Sarah also created the international fundraiser #SongToMonologue actor (and non-actor!) challenge to raise money for the charity Newlife, who provide essential equipment to disabled children. The challenge is open to all and asks participants to deliver song lyrics as a monologue and then 'Donate their Daily' - the price of their daily coffee. More on this can be found on the link below.

Healthcare Passports

Sarah has been working alongside clinical staff at her local NHS trust to develop a 'Healthcare Passport' for children.


It was important to Sarah that a 'reasonable adjustments' section was added, so that needs are identified straight away to make the process of being in hospital an easier one.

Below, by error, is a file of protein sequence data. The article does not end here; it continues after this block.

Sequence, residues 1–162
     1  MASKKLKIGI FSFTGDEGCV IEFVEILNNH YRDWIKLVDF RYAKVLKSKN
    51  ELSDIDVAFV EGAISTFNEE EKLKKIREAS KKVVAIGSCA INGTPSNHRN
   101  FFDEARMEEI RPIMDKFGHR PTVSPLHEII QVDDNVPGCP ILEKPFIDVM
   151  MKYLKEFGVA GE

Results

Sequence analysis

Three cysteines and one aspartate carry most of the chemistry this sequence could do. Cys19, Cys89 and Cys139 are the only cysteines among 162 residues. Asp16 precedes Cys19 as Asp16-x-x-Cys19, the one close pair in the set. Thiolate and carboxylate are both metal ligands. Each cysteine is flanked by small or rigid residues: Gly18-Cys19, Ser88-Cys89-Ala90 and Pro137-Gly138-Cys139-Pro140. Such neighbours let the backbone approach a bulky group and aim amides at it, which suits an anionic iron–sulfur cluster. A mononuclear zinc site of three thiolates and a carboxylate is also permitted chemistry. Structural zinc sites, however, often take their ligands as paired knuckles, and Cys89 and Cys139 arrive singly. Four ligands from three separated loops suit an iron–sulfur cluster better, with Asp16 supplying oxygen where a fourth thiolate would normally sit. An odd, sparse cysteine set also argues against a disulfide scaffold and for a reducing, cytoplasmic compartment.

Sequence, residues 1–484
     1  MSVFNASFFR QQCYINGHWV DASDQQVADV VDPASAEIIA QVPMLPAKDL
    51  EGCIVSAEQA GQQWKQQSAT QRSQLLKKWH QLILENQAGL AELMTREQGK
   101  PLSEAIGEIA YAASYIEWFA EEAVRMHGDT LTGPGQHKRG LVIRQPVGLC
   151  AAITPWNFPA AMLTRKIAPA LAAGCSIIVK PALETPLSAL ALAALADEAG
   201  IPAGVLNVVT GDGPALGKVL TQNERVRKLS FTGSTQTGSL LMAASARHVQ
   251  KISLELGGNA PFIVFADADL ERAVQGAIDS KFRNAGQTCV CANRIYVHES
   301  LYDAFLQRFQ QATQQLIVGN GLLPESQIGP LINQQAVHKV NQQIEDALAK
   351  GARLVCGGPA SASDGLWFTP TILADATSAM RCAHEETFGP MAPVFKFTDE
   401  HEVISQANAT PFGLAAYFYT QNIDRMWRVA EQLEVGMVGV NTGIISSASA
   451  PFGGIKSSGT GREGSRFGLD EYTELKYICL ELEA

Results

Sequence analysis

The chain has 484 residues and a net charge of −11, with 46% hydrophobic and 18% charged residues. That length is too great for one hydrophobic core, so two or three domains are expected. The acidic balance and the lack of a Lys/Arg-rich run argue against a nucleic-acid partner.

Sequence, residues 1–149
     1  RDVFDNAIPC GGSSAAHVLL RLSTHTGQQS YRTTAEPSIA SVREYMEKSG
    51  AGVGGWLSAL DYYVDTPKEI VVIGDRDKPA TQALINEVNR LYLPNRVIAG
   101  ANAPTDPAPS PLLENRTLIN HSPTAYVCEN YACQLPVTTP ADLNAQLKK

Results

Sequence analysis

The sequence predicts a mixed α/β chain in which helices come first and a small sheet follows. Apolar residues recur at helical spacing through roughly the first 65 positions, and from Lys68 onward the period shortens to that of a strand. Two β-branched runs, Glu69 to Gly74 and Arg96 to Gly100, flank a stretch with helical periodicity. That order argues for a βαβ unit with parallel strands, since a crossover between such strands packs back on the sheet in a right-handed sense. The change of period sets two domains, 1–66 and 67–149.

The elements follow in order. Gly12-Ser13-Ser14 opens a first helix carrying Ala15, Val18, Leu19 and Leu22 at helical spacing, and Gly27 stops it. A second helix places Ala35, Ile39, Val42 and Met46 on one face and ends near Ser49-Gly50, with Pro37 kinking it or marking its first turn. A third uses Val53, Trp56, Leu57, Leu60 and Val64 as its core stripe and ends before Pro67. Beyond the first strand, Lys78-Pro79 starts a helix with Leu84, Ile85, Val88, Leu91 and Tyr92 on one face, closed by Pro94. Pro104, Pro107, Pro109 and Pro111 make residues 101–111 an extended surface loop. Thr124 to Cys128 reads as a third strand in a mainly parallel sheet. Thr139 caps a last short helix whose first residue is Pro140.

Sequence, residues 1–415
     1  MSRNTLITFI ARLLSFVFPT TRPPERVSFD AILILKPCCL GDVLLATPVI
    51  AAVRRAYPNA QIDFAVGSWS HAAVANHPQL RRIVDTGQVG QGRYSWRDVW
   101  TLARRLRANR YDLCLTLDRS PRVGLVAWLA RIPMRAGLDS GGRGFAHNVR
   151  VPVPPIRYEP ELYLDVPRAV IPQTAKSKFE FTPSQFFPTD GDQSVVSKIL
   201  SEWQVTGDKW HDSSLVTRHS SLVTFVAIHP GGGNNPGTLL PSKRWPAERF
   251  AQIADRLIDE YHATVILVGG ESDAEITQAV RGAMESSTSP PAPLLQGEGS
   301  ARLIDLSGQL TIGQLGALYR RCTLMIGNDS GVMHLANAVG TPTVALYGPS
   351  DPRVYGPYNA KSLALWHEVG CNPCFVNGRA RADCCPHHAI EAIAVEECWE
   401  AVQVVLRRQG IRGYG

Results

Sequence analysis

The passport is a document that allows the most important patient information to be on hand at the point of arrival. The document can be shared between all clinical staff involved with the patient's care and saves the need to have to reiterate this information over again to different parties. It also includes important information such as how best to administer medication and the likes and dislikes of the patient.

For those needing a passport, a downloadable copy can be found below, or by clicking on the photo to the right.

Photo of the front of a healthcare passport. It has a blue background and a traffic light system across it - red for things you must know about me, orange for Things that are important to me and green for likes and dislikes. The NHS logo is on the passport too and a hospital address.

Treat me Well campaign